In 2011 the Berlengas Natura 2000 site (SPA) was enlarged to include a significant proportion of its marine area. Linked to this site extension, the Portuguese nature conservation agency (ICNF) launched an initiative to develop a management plan for the new area. Unfortunately, the baseline information proved to be insufficient and clear planned actions were lacking. As a result, a legally binding plan never materialised.
The LIFE Berlengas project aimed to establish a legally binding management plan with clear and measurable actions and targets for defined sites in the Atlantic coastal archipelago. The Portuguese government had joined forces with SPEA for this objective. Project goals would be achieved through the use of tailored versions of proven archipelago management methodologies. Outcomes would be ready to apply at local, regional, national and international levels.
Three key project phases were planned: first, understanding the main threats affecting seabird populations and endemic plant species on land and at sea (for seabirds) and defining actions to minimise/eradicate them, including a long-term monitoring scheme; second, promoting sustainable use of the recently created Berlengas Natura 2000 site (SPA), focusing on its three main economic activities (fisheries, recreational activities and tourism); and third, confirming the necessary monitoring framework for the completion and approval of the management plan.
The LIFE Berlengas project team improved the understanding of the main threats affecting seabird populations and endemic plant species, and defined actions to minimise/eradicate these threats, in the island Berlengas Natura 2000 network site (SPA) in Portugal. They promoted a sustainable use of this recently-created SPA, focusing on its main economic activities of fisheries, recreation and tourism; and defined the necessary long-term monitoring framework for the completion and approval of the Management Plan of Berlengas SPA.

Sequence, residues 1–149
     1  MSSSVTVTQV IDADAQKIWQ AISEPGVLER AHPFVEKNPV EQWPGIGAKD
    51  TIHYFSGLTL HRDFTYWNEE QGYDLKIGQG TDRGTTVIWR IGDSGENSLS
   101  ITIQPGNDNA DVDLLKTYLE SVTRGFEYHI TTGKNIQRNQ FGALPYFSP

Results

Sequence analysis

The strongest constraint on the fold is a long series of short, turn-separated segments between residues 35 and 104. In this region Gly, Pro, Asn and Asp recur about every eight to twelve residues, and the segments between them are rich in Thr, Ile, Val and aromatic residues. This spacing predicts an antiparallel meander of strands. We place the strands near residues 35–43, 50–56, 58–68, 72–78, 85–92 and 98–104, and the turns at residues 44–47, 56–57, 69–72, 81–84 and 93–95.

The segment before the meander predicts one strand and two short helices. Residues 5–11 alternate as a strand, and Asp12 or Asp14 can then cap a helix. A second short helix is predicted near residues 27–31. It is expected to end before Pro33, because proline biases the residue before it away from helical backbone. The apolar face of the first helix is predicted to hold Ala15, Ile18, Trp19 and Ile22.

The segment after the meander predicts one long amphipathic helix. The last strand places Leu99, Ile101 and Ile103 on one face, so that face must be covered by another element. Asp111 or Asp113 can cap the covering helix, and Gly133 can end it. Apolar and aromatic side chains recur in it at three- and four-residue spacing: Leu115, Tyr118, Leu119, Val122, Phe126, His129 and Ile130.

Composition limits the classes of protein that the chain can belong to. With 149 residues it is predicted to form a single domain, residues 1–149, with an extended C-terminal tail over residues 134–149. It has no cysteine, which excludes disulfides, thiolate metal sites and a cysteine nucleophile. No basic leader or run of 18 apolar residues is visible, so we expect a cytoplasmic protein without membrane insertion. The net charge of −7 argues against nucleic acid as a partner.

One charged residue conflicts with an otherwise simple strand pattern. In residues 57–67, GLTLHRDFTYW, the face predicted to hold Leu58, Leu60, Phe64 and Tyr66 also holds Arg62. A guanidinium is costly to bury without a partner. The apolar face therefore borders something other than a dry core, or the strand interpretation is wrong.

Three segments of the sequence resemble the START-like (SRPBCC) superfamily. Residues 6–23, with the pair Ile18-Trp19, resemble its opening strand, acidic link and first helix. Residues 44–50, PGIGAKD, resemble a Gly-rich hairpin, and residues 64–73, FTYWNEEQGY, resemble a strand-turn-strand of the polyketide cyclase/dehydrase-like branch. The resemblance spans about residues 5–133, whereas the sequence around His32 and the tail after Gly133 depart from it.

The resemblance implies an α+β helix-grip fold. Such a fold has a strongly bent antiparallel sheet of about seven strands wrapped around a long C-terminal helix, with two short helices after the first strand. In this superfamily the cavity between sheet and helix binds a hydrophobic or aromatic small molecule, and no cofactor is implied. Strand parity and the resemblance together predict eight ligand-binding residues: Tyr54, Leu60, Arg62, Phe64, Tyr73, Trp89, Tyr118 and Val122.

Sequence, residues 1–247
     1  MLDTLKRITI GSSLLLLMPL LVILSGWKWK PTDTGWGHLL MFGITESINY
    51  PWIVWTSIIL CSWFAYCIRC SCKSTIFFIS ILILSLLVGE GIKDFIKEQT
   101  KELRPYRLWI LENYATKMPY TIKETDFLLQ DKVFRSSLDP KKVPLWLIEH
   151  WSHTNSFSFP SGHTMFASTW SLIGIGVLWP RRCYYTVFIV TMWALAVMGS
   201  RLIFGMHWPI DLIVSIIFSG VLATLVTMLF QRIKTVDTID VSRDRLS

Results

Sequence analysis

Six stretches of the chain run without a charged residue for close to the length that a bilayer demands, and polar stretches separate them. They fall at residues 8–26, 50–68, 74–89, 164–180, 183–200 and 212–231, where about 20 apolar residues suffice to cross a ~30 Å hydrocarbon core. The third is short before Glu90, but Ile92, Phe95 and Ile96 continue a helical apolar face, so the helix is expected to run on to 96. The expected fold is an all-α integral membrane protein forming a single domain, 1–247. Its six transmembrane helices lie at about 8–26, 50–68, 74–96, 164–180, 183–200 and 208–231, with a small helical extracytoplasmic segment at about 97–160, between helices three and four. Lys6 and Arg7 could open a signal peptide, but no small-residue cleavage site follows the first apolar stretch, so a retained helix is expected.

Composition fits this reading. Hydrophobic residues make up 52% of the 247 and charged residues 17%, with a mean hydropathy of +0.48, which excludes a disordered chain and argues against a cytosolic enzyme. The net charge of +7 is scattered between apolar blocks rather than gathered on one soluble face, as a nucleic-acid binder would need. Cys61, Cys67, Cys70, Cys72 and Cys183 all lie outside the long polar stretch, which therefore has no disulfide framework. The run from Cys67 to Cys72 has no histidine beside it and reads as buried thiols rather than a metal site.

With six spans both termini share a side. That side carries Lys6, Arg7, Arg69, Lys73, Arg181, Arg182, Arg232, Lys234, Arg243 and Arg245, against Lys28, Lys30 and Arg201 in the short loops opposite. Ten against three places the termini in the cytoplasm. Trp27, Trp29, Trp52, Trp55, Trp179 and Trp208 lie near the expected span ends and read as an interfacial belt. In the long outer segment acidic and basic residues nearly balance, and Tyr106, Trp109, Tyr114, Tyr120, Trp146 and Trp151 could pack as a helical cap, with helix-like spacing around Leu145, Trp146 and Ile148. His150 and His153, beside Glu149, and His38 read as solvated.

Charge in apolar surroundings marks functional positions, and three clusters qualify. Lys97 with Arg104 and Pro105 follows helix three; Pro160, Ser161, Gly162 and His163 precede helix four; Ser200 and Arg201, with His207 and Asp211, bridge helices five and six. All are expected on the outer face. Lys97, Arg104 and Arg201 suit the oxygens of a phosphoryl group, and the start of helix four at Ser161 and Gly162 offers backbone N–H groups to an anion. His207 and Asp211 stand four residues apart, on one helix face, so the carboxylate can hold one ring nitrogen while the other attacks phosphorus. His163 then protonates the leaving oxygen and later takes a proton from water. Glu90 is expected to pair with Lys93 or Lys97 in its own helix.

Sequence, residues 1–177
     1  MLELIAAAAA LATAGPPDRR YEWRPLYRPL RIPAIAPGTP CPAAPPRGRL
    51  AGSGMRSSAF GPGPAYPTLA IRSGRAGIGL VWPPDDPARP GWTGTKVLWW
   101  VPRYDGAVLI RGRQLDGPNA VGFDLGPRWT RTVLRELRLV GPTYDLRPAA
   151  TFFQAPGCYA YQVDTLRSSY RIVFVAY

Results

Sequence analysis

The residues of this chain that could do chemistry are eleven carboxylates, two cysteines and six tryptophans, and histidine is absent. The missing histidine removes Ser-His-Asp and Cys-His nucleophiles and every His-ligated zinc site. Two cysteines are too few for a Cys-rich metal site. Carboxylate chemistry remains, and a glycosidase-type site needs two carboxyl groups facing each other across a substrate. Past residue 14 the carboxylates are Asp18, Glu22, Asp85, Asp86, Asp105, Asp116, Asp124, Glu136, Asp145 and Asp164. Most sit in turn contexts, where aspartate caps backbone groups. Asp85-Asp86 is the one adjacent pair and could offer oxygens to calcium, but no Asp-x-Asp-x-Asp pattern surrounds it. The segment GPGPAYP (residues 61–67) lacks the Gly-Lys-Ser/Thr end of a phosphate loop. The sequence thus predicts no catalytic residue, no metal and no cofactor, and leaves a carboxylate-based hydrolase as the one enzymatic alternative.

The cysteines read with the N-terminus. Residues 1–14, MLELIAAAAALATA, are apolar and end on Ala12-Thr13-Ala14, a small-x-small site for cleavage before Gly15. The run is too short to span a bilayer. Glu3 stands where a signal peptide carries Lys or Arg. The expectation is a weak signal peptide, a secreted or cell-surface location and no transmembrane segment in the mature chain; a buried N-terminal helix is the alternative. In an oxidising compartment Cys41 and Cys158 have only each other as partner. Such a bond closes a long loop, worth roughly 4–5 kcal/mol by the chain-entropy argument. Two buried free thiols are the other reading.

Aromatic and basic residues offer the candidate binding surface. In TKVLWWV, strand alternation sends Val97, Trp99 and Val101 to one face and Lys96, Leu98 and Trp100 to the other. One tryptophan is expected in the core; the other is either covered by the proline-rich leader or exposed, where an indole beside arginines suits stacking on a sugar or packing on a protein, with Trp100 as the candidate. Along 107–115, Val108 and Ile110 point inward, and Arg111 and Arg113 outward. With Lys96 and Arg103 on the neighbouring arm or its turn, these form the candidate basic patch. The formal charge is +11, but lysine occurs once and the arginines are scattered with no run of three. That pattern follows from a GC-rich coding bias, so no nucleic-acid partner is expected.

The beneficiaries characterised, mapped and monitored breeding seabird populations, invasive non-native species (in particular, Hottentot fig, black rat and rabbit), and native plant species (including 3 endemic species). Their assessment of the interactions between seabirds and fisheries was fundamental for planning conservation actions, while a visitor assessment was also conducted.
Though the project team succeeded in removing Hottentot fig in more than 90% of the areas it covered in the Berlengas area, it was not possible in a small area due to the high instability of the cliff over a local beach that represented a risk to local tourism. The removal of mammals was successfully implemented, with no black rat observed since the end of 2016, and the rabbit population being reduced to almost no individuals (no new sightings since 2019). Subsequently, biosecurity measures were established to prevent new rodents from reaching the island.
The project team constructed artificial nests for Cory’s Shearwater and Band-rumped Storm-petrel, with occupancy rates of around 36% and 10%, respectively; contributing to the breeding success of both species. Tracking of individual Shag and Band-rumped Storm-petrel enabled the mapping of the spatio-temporal overlap areas between seabird distribution and fisheries in the SPA. The team tested two alternative methods to control the breeding population of Yellow-legged Gull (egg-oiling and egg-puncture), but these were found to be no better than the existing method (direct destruction of eggs in nests). An observer programme was implemented on fishing vessels operating from Peniche port, for monitoring accidental captures and calculating annual by-catch for each seabird species, as well as for testing 3 mitigation measures on purse seine (bird of prey replica), demersal longline (modified hooks), and gillnets (contrast panels).
Recreation activities were regulated by establishing the island’s ‘carrying capacity’ for visitors. The project contributed to the new tourism regulation, which was drafted thanks to a good collaboration between navy, environment agents, fisheries, tourist operators and the municipality. The entire island ecosystem was shown to make a strong recovery after the removal of most of the exotic species, and there was possibly the first record of Band-rumped Storm-petrel chicks hatching, even before the project was completed.
Project dissemination and awareness-raising activities engaged local stakeholders, inhabitants and visitors. The project team helped create the Environmental Centre, along with walking trails and signs; defined guidelines for both residents and tourists; and created an online portal (www.berlengas.eu) and mobile app. for those wanting to find out more about the seabirds of Berlengas SPA.
Further information on the project can be found in the project's layman report and After-LIFE Conservation Plan (see "Read more" section).